Accept that you’ll miss out on fun times now and again. Focus on the good times you do share with friends and don’t worry about what activities you miss.
Also, slow down. Running from activity to activity is often stressful. Spending time alone allows you to pace yourself and recharge, so you can have more fun when you do interact with others.
Don’t worry if you feel apprehensive about the idea of spending time alone. It’s quite a common feeling, and there’s nothing wrong with you. Even better, you can take steps to learn how to tolerate and even enjoy the time spent by yourself.
Characteristics of People Who Like Spending Time Alone
What if you don’t mind spending time alone, or even prefer it over interacting with others? Does that make you an anti-social weirdo? Absolutely not! There’s nothing wrong about having a natural inclination towards solitude.
In fact, spending time alone often correlates with a variety of positive personal traits. According to a study detailed in Psychology Today, compared to people who don’t like solitude, people who enjoy spending time alone are:
- Less neurotic, tense, and moody
- More open-minded
- More agreeable
The stereotype that a person who enjoys spending time alone is socially awkward or nervous around others isn’t true. Folks who like their alone time are psychology well-adjusted, often more so than people who fear to be alone.
Benefits of Spending Time Alone
Spending time alone has numerous tangible benefits. Here’s a closer look at what you can expect as you learn how to enjoy your own company:
Increased Mental Performance
Sure, you likely won’t experience a big brain boost if you spend all your alone time watching reality shows. However, alone time offers plenty of opportunities to improve your mind. Use time spent on your own to read, take online classes, work on puzzles, and other activities that engage your mind.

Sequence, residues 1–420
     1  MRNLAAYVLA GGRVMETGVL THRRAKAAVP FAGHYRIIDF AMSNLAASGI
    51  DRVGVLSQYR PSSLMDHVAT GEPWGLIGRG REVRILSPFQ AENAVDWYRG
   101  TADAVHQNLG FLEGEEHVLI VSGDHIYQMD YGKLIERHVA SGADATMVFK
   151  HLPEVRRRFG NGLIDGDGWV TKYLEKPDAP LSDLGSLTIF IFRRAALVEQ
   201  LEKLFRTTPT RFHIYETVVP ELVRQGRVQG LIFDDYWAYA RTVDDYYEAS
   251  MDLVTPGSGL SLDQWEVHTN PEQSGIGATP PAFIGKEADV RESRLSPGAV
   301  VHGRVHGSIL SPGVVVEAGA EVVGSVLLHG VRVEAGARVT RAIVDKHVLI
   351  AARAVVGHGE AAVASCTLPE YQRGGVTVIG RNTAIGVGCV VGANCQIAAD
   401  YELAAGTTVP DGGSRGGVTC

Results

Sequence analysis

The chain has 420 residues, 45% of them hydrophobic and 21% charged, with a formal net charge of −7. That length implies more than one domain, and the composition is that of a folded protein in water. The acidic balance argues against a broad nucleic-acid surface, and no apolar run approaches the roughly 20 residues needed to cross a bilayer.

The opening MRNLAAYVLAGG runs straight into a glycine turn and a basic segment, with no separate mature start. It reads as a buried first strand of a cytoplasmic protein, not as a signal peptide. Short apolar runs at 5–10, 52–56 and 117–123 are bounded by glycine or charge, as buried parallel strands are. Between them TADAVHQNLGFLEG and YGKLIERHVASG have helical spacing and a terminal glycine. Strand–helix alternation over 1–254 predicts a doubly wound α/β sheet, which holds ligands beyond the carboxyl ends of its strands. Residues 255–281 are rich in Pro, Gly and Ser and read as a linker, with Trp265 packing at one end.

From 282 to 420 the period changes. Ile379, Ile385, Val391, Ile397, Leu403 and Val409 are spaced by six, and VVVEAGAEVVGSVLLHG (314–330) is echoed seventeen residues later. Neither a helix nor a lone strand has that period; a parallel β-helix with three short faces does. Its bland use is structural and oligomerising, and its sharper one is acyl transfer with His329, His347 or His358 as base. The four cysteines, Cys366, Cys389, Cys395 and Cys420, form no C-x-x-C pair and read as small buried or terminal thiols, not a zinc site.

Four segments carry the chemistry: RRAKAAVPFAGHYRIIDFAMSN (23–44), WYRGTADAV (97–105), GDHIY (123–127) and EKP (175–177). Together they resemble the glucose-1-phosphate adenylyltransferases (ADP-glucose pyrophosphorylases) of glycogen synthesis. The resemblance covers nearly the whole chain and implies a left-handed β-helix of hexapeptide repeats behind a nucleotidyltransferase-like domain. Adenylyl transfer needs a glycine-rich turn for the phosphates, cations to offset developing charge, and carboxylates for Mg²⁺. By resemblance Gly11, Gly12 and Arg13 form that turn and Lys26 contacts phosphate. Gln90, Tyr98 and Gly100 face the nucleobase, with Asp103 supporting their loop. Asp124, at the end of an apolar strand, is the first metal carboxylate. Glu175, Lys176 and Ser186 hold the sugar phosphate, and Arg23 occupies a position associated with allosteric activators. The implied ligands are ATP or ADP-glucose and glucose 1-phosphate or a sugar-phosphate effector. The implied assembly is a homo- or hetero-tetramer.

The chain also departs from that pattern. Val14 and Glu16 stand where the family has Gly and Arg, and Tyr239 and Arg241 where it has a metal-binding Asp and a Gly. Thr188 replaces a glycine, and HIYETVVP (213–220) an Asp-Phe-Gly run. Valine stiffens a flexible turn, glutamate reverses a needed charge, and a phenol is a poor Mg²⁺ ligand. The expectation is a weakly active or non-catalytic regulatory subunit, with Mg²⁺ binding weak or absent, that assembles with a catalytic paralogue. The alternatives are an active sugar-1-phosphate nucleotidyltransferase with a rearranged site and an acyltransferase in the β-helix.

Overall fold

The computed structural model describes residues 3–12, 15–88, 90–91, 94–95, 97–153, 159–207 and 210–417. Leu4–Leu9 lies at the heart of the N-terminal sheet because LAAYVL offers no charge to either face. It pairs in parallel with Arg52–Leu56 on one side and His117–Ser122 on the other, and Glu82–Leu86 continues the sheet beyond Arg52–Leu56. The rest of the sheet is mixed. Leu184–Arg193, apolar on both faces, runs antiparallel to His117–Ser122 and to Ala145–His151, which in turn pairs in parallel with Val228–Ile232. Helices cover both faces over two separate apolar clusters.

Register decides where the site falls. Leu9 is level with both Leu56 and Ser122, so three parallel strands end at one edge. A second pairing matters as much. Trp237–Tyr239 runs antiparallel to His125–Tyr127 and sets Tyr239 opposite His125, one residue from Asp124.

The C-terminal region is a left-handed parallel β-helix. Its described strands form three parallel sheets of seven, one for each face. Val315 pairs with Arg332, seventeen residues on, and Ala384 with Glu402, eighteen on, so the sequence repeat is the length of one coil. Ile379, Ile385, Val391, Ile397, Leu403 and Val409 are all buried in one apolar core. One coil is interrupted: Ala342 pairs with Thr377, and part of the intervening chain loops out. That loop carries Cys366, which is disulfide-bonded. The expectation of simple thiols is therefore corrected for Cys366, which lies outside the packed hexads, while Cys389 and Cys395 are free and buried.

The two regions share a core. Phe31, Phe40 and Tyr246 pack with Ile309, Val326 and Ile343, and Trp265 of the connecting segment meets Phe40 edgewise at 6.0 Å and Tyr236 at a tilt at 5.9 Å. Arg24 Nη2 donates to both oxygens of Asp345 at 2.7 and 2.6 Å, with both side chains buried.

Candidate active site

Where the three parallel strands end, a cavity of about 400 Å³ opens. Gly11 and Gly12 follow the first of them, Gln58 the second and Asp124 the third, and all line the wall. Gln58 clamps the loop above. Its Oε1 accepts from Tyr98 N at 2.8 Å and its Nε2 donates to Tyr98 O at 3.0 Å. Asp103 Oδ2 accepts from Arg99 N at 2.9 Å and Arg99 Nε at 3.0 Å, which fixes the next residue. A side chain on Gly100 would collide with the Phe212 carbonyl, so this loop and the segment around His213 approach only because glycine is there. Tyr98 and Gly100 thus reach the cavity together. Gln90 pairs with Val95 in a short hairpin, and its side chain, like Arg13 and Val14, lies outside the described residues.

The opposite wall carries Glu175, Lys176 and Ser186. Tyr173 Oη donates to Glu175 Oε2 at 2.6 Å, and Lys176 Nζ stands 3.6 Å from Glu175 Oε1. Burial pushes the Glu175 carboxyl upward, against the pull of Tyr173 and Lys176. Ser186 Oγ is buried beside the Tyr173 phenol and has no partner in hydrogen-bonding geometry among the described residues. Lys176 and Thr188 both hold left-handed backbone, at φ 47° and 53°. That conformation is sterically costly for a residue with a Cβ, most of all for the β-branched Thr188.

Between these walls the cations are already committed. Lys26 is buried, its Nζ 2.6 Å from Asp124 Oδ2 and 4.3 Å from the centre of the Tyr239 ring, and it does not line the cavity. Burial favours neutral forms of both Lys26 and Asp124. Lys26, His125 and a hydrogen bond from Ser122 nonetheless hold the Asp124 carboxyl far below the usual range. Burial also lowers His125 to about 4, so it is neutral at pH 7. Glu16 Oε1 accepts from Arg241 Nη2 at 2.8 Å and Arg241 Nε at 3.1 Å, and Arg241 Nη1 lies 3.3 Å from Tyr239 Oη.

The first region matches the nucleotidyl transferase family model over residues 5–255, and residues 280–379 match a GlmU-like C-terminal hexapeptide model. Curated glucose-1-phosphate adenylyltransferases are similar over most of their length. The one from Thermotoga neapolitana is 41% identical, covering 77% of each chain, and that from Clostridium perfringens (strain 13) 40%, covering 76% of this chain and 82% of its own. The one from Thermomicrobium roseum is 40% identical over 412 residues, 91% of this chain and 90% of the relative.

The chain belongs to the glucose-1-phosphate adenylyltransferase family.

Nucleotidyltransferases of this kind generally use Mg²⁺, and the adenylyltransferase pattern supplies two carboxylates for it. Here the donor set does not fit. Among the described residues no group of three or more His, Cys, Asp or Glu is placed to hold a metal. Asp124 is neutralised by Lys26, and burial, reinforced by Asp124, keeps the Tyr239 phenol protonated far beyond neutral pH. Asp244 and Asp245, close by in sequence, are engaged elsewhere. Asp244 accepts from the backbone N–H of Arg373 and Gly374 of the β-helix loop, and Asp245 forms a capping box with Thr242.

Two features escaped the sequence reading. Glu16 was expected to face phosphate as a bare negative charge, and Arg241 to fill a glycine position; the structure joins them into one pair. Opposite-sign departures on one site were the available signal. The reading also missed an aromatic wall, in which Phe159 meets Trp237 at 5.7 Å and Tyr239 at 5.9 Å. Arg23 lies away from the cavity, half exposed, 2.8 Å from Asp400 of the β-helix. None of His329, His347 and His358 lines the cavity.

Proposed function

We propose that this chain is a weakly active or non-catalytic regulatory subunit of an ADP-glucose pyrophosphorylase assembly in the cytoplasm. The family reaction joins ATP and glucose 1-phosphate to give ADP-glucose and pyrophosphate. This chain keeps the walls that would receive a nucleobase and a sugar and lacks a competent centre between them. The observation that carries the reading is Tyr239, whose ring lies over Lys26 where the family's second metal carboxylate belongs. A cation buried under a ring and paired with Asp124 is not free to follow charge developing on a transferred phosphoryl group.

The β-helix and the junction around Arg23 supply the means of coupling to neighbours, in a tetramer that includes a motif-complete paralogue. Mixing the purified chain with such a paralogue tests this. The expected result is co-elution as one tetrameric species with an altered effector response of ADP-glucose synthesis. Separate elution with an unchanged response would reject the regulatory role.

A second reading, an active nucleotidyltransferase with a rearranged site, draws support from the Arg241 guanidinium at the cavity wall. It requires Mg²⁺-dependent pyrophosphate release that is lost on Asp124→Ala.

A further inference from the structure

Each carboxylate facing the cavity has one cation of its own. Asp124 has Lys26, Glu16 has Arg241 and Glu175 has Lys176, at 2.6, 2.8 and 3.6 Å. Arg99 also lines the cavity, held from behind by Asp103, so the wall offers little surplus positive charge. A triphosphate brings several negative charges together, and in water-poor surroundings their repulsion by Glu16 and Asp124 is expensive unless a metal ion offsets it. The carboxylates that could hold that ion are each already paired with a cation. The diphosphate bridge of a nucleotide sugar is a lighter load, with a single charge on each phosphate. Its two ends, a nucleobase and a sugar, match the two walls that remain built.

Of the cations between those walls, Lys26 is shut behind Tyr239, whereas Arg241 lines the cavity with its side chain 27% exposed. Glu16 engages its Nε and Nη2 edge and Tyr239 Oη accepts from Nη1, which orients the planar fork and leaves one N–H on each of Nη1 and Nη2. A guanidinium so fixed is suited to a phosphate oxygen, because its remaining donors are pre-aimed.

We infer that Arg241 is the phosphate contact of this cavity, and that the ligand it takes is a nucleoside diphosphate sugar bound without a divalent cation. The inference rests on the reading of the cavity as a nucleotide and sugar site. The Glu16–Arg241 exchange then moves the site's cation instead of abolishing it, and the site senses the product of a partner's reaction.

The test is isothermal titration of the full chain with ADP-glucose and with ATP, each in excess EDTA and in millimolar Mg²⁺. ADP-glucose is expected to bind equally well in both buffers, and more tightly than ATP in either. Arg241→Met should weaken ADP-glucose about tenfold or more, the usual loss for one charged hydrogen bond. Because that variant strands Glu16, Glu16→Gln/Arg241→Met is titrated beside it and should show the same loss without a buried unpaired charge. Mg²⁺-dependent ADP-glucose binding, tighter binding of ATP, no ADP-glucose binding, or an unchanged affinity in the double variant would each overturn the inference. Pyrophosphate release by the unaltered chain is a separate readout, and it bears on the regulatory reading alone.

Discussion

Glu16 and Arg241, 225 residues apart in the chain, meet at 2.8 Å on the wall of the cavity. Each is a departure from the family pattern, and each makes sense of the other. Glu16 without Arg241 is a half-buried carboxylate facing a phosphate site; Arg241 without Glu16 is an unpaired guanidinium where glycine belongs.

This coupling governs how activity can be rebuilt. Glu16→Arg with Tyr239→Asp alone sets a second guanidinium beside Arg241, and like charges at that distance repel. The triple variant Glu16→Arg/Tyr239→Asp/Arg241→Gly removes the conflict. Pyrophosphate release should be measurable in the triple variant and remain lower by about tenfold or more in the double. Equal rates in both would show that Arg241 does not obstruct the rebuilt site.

Don’t underestimate the power of reading. It helps keep your brain sharp and focused. Many successful people attribute reading to their success. For example, Mark Cuban reads between four to five hours each day.
Use your time alone to improve your overall health. Engage in regular exercise. You don’t need to do anything complex. Jogging, yoga, pushups, sit-ups, and other simple exercises don’t require a gym membership or fancy equipment.
Another way to improve your health is through meditation. Daily meditation helps reduce stress, increase feelings of calm, and improve your ability to focus. Stress reduction not only improves mood but also helps your body resist disease.
When you’re alone, you’re not interacting with other people. This lack of social engagement allows your brain time to work on problems subconsciously. Don’t be surprised if you spontaneously discover solutions to on-going problems or gain flashes of creative insight.
After all, great authors, artists, and musicians might work with others at times, but they also require significant time alone to work on their projects.